This is the second in a six-part series featuring real Black women and their thoughts about their natural hair. Join us each Monday (until the end of February) to celebrate our natural Black hair and ALL that it means in our lives. We hope these stories help you to enjoy a feeling of empowerment about your coily, wavy, or curly hair no matter how you choose to wear it!
My Natural Hair Journey: Lydia Iseh’s Story – The Good, Bad, and Everything Else
I’m not even going to lie. I always admired straight, long hair as a child. My hair was jet black, and everyone would comment on how shiny it was (my mum used to apply shea butter whenever she had the chance). I loved the compliments, but I wasn’t happy because my hair wasn’t as long and straight as I saw on TV. I hated that my hair could be long one day and shrink the next; it was also difficult for me to style it as I wanted to.
Check out these CurlyNikki post on how to show off the true length of your natural hair:
My sister’s birthday was coming up and it was supposed to be a big celebration. I knew that I wanted to do something different with my hair. So, when my mum wasn’t home, I called my friend and we gathered all the hair products we could find. One after the other, without knowing what was what, I applied them to my hair and waited for the magic.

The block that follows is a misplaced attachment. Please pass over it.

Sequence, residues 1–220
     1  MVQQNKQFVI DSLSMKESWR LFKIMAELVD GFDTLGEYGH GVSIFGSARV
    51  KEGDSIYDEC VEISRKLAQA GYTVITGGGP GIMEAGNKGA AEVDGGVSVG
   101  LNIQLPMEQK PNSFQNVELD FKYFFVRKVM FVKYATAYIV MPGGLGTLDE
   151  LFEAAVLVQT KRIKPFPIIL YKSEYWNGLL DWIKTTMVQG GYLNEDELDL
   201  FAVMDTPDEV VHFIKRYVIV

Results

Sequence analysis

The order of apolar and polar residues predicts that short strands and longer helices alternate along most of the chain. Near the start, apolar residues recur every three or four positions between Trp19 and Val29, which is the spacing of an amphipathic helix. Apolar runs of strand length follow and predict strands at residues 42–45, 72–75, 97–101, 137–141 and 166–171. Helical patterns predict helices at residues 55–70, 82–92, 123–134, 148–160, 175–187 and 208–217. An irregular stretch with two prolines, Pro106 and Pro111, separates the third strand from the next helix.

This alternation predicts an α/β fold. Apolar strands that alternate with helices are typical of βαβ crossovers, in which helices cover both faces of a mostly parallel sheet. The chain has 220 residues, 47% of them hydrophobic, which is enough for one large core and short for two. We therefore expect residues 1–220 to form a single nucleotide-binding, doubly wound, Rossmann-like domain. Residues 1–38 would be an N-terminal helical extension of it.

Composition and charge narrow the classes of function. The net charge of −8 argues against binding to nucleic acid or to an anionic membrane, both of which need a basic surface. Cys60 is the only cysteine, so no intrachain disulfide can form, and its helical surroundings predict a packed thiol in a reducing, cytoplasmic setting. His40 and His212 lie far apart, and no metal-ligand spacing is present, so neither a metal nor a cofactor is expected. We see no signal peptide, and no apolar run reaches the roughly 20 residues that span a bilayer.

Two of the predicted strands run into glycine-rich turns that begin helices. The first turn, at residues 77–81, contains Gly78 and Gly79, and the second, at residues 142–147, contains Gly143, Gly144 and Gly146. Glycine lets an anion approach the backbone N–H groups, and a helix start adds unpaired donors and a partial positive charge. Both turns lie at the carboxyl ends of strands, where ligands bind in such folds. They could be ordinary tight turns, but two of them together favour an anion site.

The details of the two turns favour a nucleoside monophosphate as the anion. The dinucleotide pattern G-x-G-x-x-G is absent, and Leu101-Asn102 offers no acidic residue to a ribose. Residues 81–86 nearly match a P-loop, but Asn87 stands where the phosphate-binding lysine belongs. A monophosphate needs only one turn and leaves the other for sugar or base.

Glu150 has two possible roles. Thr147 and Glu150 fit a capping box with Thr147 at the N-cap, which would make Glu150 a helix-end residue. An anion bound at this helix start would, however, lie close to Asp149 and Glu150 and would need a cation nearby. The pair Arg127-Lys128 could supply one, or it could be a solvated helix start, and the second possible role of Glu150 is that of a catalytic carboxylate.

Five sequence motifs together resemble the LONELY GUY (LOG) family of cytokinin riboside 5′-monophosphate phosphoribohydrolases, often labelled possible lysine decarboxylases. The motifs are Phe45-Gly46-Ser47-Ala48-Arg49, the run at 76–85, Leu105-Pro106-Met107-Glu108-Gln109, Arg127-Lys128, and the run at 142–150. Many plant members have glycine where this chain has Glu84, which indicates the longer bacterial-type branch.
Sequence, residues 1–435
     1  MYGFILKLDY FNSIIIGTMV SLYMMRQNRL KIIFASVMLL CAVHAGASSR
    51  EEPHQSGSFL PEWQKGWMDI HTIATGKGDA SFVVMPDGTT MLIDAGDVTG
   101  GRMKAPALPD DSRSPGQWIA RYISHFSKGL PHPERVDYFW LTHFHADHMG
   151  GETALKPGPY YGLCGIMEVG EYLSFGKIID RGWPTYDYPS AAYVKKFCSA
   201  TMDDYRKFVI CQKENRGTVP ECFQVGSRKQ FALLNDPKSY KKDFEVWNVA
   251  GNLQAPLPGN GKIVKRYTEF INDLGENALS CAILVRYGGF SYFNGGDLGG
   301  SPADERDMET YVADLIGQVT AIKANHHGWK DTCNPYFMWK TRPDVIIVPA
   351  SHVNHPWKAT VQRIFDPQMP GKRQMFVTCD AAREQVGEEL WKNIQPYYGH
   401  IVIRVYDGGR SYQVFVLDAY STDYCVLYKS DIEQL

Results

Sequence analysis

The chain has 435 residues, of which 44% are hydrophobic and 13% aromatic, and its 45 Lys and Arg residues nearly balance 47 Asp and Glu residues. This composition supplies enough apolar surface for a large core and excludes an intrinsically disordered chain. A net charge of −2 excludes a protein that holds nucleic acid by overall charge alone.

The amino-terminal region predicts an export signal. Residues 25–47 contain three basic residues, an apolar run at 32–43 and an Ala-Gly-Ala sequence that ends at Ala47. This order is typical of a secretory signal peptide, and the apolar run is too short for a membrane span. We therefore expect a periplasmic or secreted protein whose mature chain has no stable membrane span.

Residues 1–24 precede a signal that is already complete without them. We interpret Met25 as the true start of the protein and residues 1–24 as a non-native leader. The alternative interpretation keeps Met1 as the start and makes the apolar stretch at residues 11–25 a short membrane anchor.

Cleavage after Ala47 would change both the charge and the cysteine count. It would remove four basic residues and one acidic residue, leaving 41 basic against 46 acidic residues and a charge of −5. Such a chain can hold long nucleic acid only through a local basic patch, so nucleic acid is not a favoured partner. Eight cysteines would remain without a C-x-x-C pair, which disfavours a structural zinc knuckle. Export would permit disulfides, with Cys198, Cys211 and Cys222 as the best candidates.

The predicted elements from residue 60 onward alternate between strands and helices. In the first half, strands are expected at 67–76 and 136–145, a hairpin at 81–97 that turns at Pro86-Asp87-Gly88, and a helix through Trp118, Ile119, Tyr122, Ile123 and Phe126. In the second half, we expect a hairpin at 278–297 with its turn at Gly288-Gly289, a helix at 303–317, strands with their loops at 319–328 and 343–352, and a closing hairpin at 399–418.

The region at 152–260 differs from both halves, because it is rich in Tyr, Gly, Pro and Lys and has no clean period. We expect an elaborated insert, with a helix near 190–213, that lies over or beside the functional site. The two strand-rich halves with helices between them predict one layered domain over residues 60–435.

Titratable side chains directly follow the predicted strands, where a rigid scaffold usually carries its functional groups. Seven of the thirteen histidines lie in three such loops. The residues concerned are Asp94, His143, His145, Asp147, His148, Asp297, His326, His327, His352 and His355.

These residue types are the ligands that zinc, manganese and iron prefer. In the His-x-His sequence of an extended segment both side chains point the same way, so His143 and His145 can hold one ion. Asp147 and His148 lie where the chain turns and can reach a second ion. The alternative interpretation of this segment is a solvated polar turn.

I’m not even going to lie. I always admired straight, long hair as a child.
I just wanted straight, long hair. I thought that the longer the products stayed, the longer my hair would become. Boy, was I wrong! When I finally decided to wash my hair, I found that strands kept falling off. Soon, I was able to comb out big chunks of hair at once. My friend and I became hysterical as this was DEFINITELY NOT what we were expecting.
Hours later, my mum came home and saw the disaster that was my hair (and the crime scene that we had made of the bathroom). Another immediate, thorough washing wasn’t enough to save my hair. Most of it was gone, and I had to visit the barbershop immediately.
Embrace your natural hair, no matter the length! Read: